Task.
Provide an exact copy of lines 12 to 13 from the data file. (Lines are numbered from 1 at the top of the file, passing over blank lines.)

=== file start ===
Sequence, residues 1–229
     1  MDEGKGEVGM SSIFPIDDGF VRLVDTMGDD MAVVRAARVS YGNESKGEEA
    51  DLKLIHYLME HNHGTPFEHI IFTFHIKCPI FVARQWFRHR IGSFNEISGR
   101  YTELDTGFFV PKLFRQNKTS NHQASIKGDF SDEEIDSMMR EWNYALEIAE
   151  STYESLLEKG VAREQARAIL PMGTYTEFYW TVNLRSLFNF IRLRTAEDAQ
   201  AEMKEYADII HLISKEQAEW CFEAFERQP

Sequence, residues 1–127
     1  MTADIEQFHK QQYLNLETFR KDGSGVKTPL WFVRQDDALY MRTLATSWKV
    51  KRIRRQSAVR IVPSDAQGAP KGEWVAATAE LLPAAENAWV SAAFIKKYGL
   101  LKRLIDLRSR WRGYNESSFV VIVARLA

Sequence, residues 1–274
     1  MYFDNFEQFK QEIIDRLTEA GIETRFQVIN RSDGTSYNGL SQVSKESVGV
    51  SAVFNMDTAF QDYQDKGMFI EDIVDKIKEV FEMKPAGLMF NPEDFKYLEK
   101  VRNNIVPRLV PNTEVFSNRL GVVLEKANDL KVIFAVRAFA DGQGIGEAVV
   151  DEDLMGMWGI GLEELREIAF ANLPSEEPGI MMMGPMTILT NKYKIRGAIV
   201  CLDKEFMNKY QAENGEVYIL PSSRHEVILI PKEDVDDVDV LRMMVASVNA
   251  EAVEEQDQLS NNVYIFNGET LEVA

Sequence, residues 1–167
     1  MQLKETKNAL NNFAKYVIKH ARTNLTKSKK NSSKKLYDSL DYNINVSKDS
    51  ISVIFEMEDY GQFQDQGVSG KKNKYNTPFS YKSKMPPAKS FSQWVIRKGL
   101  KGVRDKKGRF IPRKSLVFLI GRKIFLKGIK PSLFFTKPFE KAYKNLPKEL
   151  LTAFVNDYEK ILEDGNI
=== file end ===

     1  MYFDNFEQFK QEIIDRLTEA GIETRFQVIN RSDGTSYNGL SQVSKESVGV
    51  SAVFNMDTAF QDYQDKGMFI EDIVDKIKEV FEMKPAGLMF NPEDFKYLEK